Bling is out, enduring quality is in. That’s the message this holiday season from makers of luxury goods, who are betting that even in a shaky economy, shoppers will still pay serious money for fine craftsmanship.
Instead of sexy models flaunting handbags and lots of skin, Louis Vuitton’s current ad campaign features Vermeer-inspired images of demure young women hand-finishing purses and wallets at a workshop table. One ad is entitled “The Young Woman and the Tiny Folds,” another “The Seamstress With Linen Thread and Beeswax.”
There’s just one tiny detail missing. Hardly any Vuitton bags or wallets are handmade. While reporting an article on Vuitton in 2004, I visited one of its factories in the village of Ducey near Mont St. Michel. There I saw rows of workers seated at sewing machines, stitching together machine-cut pieces of canvas and leather. The partially finished bags were rolled from one workstation to the next on metal carts.
It was no sweatshop. The building was modern and airy, with windows overlooking the Normandy countryside. But the work being done there didn’t resemble in any way the painstaking handiwork shown in Vuitton’s ads. Indeed, the factory managers – who had been recruited from companies making such things as mobile phones and yogurt containers — talked proudly about the strides they had made in automating every step of the process. Just about the only Vuitton products still made by hand, they told me, were custom-made items produced at its historic atelier in the Paris suburb of Asnières.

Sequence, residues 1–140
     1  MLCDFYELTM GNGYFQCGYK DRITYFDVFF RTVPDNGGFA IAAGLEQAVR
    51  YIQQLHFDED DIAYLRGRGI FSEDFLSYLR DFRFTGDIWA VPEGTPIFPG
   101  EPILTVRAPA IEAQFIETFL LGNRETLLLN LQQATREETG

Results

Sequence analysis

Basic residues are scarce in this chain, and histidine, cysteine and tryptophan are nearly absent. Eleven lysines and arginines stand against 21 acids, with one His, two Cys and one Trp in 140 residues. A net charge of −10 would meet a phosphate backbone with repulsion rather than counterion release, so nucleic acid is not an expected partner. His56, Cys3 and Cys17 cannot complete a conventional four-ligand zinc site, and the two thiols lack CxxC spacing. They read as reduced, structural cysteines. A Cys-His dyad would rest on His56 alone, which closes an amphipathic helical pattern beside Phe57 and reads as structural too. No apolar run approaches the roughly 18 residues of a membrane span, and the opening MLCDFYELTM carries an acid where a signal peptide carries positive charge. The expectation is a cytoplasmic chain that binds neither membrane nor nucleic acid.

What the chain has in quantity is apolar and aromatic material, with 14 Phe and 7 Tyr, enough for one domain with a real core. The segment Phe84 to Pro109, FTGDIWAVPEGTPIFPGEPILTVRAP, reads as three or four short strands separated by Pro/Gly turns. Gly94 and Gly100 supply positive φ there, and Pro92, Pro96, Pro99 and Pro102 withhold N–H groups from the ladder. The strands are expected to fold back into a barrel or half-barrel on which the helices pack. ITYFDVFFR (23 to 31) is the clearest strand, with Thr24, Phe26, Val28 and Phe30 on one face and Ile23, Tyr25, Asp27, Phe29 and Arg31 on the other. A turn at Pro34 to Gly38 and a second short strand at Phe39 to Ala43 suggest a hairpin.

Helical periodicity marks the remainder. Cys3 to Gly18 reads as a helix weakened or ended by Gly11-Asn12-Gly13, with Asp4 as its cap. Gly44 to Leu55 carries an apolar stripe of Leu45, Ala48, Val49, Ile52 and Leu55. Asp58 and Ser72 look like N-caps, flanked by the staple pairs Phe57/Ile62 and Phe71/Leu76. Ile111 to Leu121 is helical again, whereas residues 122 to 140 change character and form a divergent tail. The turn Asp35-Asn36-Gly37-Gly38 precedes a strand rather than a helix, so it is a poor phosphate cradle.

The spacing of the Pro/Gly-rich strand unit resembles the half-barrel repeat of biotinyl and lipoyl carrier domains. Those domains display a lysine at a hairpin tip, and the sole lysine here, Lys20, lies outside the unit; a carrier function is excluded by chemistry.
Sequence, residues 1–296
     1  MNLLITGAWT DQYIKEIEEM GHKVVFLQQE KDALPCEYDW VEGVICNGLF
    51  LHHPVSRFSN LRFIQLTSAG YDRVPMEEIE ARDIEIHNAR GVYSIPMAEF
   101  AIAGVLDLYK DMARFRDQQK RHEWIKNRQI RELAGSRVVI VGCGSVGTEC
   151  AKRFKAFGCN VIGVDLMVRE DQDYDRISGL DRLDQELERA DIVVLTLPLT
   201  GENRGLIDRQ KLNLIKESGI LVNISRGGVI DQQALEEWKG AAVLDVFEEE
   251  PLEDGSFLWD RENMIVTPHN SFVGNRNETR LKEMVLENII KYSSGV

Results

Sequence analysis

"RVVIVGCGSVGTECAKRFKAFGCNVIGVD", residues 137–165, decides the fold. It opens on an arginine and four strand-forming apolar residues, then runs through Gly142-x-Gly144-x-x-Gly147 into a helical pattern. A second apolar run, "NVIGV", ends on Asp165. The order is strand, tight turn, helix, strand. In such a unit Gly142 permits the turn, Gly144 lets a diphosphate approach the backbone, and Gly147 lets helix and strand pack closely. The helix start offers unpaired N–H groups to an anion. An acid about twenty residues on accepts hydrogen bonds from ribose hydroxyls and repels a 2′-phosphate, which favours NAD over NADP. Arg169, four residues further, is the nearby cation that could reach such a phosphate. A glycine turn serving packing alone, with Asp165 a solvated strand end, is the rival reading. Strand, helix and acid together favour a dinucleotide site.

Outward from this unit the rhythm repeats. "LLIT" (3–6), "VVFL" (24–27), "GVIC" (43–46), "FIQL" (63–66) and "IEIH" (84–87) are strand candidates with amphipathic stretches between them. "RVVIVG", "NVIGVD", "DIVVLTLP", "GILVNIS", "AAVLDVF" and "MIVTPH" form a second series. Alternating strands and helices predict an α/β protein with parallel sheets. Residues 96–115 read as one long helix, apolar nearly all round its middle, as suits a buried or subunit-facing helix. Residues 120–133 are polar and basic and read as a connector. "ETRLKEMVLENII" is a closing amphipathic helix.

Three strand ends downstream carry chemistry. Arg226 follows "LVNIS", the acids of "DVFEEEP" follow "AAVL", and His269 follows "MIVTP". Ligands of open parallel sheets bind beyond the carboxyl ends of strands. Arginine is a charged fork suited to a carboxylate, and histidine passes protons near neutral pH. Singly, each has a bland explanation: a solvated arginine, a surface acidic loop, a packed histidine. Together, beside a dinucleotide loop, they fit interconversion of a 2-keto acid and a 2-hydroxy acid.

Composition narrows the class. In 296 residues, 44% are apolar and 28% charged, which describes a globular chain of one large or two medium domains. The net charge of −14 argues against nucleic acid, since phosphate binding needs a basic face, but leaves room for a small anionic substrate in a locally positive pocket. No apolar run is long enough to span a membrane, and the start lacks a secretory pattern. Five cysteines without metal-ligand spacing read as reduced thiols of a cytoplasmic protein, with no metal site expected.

Analysts told me that Vuitton’s efficient manufacturing allowed it to reap operating margins well above the industry average. That’s still the case: During the first half of 2009, the fashion and leather goods division of Vuitton’s parent LVMH Moët Hennessy Louis Vuitton – which consists mainly of the Louis Vuitton brand – posted an operating margin of 30%. That’s considerably better than the margins at two of its leading leather-goods rivals during the same period: 25% at Hermès and 22.9% at Bottega Veneta.
Which brings us back to those Vuitton ads. Sure, most people realize that advertising often isn’t literally true. We know the food we eat isn’t produced by jolly peasants and milkmaids, yet such images abound in food ads. But shouldn’t the truth-in-advertising standard be tougher when a company is asking customers to shell out hundreds or even thousands of dollars for a mass-produced item? What do you think?
by Carol Matlack on Business Week
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